State officials in California are returning to the Supreme Court, seeking to delay the latest federal court order to compel release of thousands of prison inmates to relieve overcrowding at facilities across the state. The officials are faced with an order requiring that they reduce overcrowding by 9,600 inmates by the end of this year. (News reports in the state indicated Wednesday night that the state had asked Justice Anthony M. Kennedy to delay that order; the blog will post the document as soon as it becomes available.)
The dispute about overcrowding in the thirty-three prisons run by California has been running in the federal courts for nearly a quarter of a century, in one of the cases, and for a dozen years in the other. The cases have been combined in court, and have resulted in more than a hundred judicial orders. The Supreme Court, in a five-to-four decision in May 2011, upheld an earlier order by the special three-judge federal district court that set a prison population ceiling. In that ruling, the majority of Justices noted that the prisons at that time, though designed to house less than 80,000 inmates, actually were keeping more than double that number behind bars, causing severe conditions for physically and mentally ill prisoners.
Since the case returned to the district court, state officials and the three-judge court have been locked in a continuing struggle over specific remedies for the overcrowding. The judges have continued to insist that the only remedy that will work is a population reduction spread across California. The conditions that the district court, and inmates’ lawyers, have condemned have been highlighted by the recent outbreak of a widespread hunger strike behind prison walls, involving perhaps 30,000 prisoners.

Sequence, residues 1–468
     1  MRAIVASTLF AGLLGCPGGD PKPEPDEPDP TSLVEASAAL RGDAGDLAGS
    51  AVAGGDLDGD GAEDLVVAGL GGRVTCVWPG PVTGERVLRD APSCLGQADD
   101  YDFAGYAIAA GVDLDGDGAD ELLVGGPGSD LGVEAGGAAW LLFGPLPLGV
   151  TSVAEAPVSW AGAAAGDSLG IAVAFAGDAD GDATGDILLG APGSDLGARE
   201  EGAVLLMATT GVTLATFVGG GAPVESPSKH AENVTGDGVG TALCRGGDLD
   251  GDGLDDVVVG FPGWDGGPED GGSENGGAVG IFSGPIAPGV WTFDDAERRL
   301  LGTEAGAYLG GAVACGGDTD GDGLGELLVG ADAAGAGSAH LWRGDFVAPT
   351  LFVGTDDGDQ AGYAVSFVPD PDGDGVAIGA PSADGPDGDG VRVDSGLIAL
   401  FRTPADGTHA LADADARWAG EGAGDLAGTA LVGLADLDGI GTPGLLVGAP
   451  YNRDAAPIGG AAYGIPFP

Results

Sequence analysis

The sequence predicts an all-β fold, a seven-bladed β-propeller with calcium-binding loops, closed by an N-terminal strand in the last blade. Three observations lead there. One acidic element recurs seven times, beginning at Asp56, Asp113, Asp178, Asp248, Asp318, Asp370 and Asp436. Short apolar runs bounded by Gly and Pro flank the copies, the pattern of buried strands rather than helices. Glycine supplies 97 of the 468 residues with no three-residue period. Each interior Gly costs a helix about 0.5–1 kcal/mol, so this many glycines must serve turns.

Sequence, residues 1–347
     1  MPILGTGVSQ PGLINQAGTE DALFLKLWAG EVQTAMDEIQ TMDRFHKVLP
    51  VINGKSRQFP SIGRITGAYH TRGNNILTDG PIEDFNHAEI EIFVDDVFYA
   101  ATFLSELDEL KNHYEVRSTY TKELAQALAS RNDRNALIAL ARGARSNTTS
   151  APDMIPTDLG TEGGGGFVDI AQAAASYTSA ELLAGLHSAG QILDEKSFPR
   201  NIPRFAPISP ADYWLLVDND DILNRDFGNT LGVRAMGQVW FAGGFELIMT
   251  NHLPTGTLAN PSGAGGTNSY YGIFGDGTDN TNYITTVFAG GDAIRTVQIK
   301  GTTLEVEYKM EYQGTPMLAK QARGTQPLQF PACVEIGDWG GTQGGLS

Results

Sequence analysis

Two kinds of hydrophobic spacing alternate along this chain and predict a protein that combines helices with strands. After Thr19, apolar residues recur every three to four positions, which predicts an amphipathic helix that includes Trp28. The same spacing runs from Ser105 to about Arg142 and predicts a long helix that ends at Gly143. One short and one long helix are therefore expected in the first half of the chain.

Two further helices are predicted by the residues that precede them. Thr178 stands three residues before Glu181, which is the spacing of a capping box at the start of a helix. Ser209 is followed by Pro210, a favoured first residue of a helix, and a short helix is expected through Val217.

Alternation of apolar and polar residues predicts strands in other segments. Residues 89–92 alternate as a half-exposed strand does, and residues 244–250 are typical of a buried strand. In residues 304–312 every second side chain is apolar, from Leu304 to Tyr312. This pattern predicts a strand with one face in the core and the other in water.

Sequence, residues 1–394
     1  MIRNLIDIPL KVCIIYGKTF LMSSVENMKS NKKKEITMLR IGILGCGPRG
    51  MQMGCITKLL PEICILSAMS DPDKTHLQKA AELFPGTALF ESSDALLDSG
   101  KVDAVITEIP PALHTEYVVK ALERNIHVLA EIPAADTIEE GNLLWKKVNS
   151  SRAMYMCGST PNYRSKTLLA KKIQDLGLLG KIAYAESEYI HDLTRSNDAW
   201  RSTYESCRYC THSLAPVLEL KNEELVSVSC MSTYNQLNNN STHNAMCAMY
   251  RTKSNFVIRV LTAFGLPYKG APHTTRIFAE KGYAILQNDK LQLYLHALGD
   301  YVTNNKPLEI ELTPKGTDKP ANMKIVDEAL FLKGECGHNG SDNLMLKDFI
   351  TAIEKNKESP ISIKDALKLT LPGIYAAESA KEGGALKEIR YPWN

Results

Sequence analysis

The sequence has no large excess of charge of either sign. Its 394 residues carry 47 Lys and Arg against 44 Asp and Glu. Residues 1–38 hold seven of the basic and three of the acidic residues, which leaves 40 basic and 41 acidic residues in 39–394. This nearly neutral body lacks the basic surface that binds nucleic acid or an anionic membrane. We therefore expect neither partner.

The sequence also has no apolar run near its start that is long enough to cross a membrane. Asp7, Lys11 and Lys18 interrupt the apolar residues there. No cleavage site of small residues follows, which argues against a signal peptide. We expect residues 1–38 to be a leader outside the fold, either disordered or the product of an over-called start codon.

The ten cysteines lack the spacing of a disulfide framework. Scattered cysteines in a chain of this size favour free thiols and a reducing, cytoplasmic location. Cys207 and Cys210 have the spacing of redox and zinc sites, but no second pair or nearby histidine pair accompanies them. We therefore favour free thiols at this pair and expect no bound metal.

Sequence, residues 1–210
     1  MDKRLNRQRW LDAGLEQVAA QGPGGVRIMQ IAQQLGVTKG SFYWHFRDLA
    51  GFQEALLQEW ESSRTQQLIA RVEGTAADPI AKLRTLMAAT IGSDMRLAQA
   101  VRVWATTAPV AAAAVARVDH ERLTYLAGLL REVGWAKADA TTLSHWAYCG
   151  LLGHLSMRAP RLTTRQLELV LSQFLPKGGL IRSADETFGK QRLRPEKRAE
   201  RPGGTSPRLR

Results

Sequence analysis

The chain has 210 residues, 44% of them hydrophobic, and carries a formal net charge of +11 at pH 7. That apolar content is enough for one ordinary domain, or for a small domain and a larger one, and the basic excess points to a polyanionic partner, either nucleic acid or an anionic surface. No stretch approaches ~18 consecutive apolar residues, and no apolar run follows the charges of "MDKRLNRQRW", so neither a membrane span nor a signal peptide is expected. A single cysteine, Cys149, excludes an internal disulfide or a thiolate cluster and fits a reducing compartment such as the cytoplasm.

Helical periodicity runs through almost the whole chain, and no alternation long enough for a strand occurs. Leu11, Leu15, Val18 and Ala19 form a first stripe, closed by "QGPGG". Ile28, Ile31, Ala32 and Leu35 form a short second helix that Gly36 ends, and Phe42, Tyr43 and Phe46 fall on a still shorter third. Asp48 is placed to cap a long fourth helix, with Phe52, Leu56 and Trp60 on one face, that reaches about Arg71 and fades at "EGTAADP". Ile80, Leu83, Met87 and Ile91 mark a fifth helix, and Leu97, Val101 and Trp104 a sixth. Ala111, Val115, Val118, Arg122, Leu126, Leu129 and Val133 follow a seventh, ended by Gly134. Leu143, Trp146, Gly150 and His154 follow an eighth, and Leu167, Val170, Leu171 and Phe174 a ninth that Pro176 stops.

At issue in the new challenge now reaching the Supreme Court is a June 20 court order directly reaffirming a 2011 order that would set a ceiling on the total number of inmates housed across the state at 137.5% of design capacity, to be achieved by this coming December 31. That fifty-one-page order can be read here. The judges said they would give officials some flexibility in how to achieve that year-end goal.
State officials then asked the district court to put the order on hold, saying they planned to appeal it to the Supreme Court. They said that, if the district court turned them down, they would then seek a delay from the Supreme Court. On July 3, the three judges refused the postponement request, saying that the case had run on long enough and criticizing California officials for not carrying out earlier orders. That twenty-four-page order can be read here. The filing at the Supreme Court Wednesday carried out the officials’ legal plan to pursue their new challenge.
Although the full Supreme Court acted on the earlier review of the dispute, the state’s new request was filed only with Justice Kennedy, who handles emergency legal matters from the geographic area that includes California. However, Kennedy has the option of acting on his own, or of sharing action with his colleagues.
(NOTE TO READERS: This blog will provide further coverage as the new Supreme Court maneuver unfolds.)
Recommended Citation: Lyle Denniston, Prisoner release case returns (FURTHER UPDATE), SCOTUSblog (Jul. 10, 2013, 11:38 PM), http://www.scotusblog.com/2013/07/prisoner-release-case-returns/